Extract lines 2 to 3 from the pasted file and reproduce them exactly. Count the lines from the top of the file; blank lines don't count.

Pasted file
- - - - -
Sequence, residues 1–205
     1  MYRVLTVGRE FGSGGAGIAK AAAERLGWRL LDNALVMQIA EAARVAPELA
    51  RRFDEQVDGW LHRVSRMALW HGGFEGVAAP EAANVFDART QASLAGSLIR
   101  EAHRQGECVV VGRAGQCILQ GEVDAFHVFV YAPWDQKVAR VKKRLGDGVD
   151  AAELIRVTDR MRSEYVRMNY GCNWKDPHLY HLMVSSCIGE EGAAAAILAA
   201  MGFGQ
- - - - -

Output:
     1  MYRVLTVGRE FGSGGAGIAK AAAERLGWRL LDNALVMQIA EAARVAPELA
    51  RRFDEQVDGW LHRVSRMALW HGGFEGVAAP EAANVFDART QASLAGSLIR